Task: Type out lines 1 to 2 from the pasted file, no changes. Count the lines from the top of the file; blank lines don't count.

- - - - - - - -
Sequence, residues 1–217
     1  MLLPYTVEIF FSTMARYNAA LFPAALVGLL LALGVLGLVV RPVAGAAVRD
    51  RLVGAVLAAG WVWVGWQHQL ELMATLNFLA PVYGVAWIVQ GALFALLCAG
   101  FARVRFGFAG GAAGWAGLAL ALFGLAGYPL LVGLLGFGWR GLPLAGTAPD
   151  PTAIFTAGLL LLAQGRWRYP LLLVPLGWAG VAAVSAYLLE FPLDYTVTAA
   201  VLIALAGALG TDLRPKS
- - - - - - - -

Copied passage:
Sequence, residues 1–217
     1  MLLPYTVEIF FSTMARYNAA LFPAALVGLL LALGVLGLVV RPVAGAAVRD